(June 23) Record breaking jump in Capesize spot is a game changer
Last week was one of the most exciting weeks in many years for the Capesize market, as spot rates more than doubled in a relentless rally that caught even seasoned freight traders and brokers by surprise and validated once again the incredibly volatile nature of shipping. The reasons behind the jump are real and the increase in rates is supported by fundamental reasons as evident by a tightening supply/demand balance in the Atlantic, something we had spent a lot of time talking about in recent months.
The effect of a tightening balance in pricing is not linear and definitely not a smooth process. In a commoditized market where there is no “inventory” adjustment (i.e. there are no idle ships stored somewhere to make up for a potential shortfall as is the case in other commodities, for example oil storage), prices will react violently. Once owners realized they had the upper hand on freight negotiations, the price impact on concluded deals took a life of its own and prices increased exponentially. With spot rates currently standing in the mid-to-high 20,000 level for Capesizes and with implied volatility increasing rapidly, the next few weeks are going to be extremely interesting from a price action perspective and thus freight futures will see considerable fluctuations in a short period of time. However, with the futures curve now steeply backwardated, the freight market sounds cautious on the sustainability of current freight levels, a pessimistic view we do not share.
Where do we go from here?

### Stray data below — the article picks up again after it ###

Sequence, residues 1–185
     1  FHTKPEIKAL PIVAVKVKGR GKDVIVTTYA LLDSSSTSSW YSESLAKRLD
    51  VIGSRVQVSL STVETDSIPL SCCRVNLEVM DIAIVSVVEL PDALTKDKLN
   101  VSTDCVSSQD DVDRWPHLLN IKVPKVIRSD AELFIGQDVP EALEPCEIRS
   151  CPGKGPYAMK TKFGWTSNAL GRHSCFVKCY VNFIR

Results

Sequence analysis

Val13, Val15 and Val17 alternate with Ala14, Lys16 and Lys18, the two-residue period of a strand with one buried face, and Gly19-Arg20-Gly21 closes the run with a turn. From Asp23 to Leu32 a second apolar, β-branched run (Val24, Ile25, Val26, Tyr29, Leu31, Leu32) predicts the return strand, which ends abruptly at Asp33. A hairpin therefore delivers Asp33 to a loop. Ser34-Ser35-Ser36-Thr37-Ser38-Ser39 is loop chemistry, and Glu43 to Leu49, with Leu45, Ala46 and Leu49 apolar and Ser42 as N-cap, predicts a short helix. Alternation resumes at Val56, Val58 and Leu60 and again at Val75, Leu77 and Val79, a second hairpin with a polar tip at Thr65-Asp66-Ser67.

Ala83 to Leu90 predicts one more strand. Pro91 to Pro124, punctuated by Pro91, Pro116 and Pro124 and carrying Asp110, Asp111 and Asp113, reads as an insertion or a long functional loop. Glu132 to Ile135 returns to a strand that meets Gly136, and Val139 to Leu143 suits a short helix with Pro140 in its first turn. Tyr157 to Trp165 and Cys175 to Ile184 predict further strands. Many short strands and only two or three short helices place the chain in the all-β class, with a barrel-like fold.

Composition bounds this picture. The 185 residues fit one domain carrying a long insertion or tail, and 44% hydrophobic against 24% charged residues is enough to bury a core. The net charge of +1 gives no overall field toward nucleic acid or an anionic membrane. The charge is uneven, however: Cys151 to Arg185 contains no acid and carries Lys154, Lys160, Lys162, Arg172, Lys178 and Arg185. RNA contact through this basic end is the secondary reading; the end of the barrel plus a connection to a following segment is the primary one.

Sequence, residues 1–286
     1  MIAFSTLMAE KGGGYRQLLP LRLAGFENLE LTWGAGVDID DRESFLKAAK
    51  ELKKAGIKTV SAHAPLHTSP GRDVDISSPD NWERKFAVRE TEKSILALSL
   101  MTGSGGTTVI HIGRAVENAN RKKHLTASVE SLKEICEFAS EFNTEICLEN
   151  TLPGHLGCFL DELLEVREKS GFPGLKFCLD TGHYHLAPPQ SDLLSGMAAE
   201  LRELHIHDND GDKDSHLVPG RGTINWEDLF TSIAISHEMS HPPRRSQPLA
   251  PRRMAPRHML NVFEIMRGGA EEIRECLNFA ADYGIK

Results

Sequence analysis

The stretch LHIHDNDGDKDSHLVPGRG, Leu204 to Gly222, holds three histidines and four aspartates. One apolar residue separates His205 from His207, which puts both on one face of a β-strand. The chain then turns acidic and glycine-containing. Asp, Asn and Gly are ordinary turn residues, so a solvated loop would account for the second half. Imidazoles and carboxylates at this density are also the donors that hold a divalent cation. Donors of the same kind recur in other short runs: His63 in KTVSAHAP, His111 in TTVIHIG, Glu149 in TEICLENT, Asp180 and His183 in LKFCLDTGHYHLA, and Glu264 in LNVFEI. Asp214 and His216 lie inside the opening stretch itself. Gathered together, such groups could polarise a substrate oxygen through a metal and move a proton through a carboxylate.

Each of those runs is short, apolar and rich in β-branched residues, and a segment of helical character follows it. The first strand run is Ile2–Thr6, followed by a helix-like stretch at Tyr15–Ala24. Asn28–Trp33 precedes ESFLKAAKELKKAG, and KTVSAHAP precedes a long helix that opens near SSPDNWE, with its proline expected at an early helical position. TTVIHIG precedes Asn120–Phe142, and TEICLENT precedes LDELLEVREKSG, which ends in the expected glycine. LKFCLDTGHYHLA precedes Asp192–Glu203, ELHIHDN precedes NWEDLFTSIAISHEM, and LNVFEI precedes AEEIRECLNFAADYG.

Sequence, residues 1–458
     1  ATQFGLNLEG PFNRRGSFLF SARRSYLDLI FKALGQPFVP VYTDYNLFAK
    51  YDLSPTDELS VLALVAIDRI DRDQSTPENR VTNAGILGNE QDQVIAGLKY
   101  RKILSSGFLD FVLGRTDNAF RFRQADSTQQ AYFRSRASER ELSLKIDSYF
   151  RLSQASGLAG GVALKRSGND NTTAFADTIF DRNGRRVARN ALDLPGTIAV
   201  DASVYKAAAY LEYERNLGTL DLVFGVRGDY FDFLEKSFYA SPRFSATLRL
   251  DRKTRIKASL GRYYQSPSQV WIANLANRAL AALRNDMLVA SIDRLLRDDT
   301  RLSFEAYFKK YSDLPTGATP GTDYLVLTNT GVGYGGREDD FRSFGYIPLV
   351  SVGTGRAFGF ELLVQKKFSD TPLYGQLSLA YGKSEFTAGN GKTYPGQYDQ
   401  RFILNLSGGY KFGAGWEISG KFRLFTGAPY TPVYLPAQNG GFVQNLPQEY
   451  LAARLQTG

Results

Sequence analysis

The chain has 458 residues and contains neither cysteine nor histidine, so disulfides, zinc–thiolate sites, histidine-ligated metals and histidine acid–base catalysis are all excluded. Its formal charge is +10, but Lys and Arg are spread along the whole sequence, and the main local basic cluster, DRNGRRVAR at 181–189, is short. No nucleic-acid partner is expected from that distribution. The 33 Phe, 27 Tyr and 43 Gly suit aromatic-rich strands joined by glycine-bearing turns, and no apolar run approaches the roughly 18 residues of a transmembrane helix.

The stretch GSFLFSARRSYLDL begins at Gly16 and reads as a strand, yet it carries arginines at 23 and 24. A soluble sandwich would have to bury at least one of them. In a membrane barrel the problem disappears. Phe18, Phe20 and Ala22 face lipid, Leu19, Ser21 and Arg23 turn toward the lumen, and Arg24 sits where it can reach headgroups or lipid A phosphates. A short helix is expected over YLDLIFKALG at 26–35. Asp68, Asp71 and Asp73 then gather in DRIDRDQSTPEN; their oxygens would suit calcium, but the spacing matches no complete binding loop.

We believe the second half of the year will be one of the best periods for dry bulk shipping in quite some time. However, it will also be a very volatile one. Any increase in rates will not be linear while large drawdowns are very likely. We expect spot rates to exceed last year’s levels (circa 40,000 was the high of last year). Our justification for such a bullish outlook relies on all the drivers we have been discussing recently and are slowly coming into play at the same time: A) Global economic stimulus is approaching ~USD18 Trillion or ~20% of global GDP, an amount that would have been unimaginable before. B) China is in the center of such stimulative action with infrastructure spending increasing rapidly. C) Inventories are low, and a re-stocking cycle is bullish for shipping. D) Brazil has the capacity to expand iron ore exports quite a bit in the face of $100/ton iron ore, and with only six month left to hit their target, Vale has every incentive to ramp up production and exports (note: Question- mark remains the development of COVID-19 in Brazil and the potential impact on iron ore operations).
Shipping is cyclical, and cycles are strong
While we remain positive on dry bulk for this year, one should not forget that shipping is a highly cyclical industry and needs a trading mentality when it comes to capital allocation. Historically, shipowners have thrived by trading ships in similar environments and thus one must always keep that in mind when dealing with shipping. However, the current very low dry bulk orderbook makes the longer-term prospects quite interesting, with the 2021 futures trading at less than 14,000/day, a level that we find relatively low. Although this is still quite far out in the future, one should also keep an eye on the broader supply/demand developments as a longer upcycle might be slowly forming.
Source: Breakwave Advisors. Connect with them on Twitter:
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